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Cornell University

Second Year

In your second year, you probably have a better understanding of Cornell. You may also have a clearer sense of your academic path – this might be the same path as when you started, but it might also be completely different. This can be a good time to explore ways to enrich your education or try out a new club or activity. What are a few things you might be thinking about as a second-year college student?

Continuing Your Academic Journey

In your academic journey, maintain strong relationships with your advisors, discuss your evolving interests, and consider minors and co-curricular opportunities. Reflect on past strategies for success, adapt your study habits, and seek guidance from faculty who can serve as mentors and open doors to research opportunities.

Continue to cultivate relationships with your advisors

Meet with your advisor to make sure you are on the right track with courses and the academic requirements for your intended major. Think about your interests – have they shifted or changed? You can also discuss possible minors and co-curricular opportunities like internships and research.

Hone your success skills

Take some time to reflect on your previous semesters. Identify some strategies that helped you be successful and also those habits or strategies that you might want to change. There is always something to learn so that you can manage your time and study more effectively.

Make more connections with faculty

Faculty often serve as mentors, guiding you in your academic and career pursuits. They can offer advice, recommend research opportunities, and provide direction for your future. If you're interested in research, connecting with professors can inspire new ideas and possibly lead to research opportunities and projects.

Set Your Foundation and Build Community

Establish a strong foundation by expanding your social network, connecting with peers through various clubs and organizations, and considering leadership roles for skill development. Prioritize self-care, including time for personal connections, hobbies, and stress management techniques.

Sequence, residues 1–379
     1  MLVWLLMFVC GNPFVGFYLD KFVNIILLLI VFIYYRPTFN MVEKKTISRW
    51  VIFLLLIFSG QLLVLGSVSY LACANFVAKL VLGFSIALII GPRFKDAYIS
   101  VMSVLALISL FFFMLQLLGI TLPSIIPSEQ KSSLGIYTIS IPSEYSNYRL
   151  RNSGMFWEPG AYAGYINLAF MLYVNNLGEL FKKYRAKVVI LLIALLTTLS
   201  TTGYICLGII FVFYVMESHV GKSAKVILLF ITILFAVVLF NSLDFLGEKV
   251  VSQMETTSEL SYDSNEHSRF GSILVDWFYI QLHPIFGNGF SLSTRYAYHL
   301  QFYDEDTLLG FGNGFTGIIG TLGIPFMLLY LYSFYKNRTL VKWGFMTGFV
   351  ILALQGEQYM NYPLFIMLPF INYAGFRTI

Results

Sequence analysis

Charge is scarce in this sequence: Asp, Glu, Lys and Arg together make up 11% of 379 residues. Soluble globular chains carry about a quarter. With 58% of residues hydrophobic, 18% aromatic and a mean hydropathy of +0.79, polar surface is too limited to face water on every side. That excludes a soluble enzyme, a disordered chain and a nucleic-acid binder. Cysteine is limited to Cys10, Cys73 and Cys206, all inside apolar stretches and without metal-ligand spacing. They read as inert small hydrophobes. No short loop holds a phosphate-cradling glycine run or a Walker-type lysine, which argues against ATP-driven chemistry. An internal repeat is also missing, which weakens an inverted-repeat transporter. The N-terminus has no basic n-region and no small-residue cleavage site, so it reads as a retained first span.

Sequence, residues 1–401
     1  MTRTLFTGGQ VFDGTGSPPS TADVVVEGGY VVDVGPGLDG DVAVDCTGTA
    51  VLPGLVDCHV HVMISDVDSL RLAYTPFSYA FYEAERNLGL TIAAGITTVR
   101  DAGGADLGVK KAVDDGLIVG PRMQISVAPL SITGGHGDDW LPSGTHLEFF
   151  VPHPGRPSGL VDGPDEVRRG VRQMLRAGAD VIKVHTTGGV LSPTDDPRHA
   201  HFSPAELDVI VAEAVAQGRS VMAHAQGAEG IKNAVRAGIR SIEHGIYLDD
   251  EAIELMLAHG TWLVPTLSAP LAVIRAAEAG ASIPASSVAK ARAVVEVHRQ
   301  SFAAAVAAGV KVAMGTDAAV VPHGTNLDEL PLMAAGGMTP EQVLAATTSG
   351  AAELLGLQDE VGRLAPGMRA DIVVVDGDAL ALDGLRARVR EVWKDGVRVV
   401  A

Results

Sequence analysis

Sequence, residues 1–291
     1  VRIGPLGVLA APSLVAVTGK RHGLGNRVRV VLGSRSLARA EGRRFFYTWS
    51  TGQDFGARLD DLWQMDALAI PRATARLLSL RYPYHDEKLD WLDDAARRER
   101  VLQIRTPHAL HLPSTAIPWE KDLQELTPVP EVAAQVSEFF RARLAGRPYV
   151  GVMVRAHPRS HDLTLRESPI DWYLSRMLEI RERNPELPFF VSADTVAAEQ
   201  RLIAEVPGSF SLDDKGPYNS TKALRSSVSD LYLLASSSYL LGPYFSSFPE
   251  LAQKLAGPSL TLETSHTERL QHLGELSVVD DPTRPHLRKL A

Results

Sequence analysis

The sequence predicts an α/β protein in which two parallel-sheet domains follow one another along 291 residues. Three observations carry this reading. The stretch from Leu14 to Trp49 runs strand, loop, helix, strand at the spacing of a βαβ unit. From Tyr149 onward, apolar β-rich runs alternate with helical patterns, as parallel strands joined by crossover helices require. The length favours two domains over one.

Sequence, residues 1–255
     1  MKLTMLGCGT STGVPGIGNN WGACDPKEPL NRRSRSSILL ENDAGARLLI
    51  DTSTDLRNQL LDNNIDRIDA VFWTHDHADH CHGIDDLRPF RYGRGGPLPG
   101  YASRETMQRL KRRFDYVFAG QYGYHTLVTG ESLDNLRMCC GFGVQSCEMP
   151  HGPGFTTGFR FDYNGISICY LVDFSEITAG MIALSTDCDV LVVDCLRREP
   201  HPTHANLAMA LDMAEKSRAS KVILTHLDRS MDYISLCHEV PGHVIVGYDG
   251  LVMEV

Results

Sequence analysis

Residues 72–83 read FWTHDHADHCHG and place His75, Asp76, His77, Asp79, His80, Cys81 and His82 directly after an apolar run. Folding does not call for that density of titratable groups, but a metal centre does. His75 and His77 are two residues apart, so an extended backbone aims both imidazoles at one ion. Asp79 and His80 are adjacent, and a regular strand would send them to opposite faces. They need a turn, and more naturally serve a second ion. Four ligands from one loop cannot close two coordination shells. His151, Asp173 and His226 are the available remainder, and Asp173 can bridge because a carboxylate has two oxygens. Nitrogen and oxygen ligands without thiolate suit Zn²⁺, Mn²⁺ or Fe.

Develop connections with peers

Expanding your network and meeting new people, both those with shared interests and those with different views and experiences is critical. Consider ways that you might connect with different groups of people. This might include new clubs or organizations or through leadership and volunteering.

Consider leadership opportunities

Your sophomore and junior years are a good time to think about leadership opportunities. These might be part of a campus job, like leading workshops or organizing events, or an e-board position of a student organization or club. Engaging in leadership roles allows you to develop skills such as communication, decision-making, problem-solving, and time management.

Take care of yourself

In addition to building time into your calendar for academic works, be sure to make time for connecting with family and friends, activities you enjoy, getting enough sleep (~8 hours/night), and eating healthy foods. Consider ways to manage your stress and try out some 5-minute stress busters. 

Continue Exploring Experiential Learning and Career Options

Continually explore experiential learning opportunities, such as internships, research, study abroad, and community-based learning, to enrich your education. Start building your resume by seeking guidance from Career Services to showcase your transferable skills effectively.

Explore and enrich your education

Think about if there are experiential opportunities that you want to participate in. Depending on your interests, these could include internships, study abroad, community-based learning, or undergraduate research. It might also be taking an elective course that interests you. Talk to Career Services or your advisor for ideas.

Begin to build your resume

An effective resume is essential. Consult Central Career Services or career services in your college to begin building your resume and to consider how you can present evidence of the transferable skills that you have developed in prior experiences.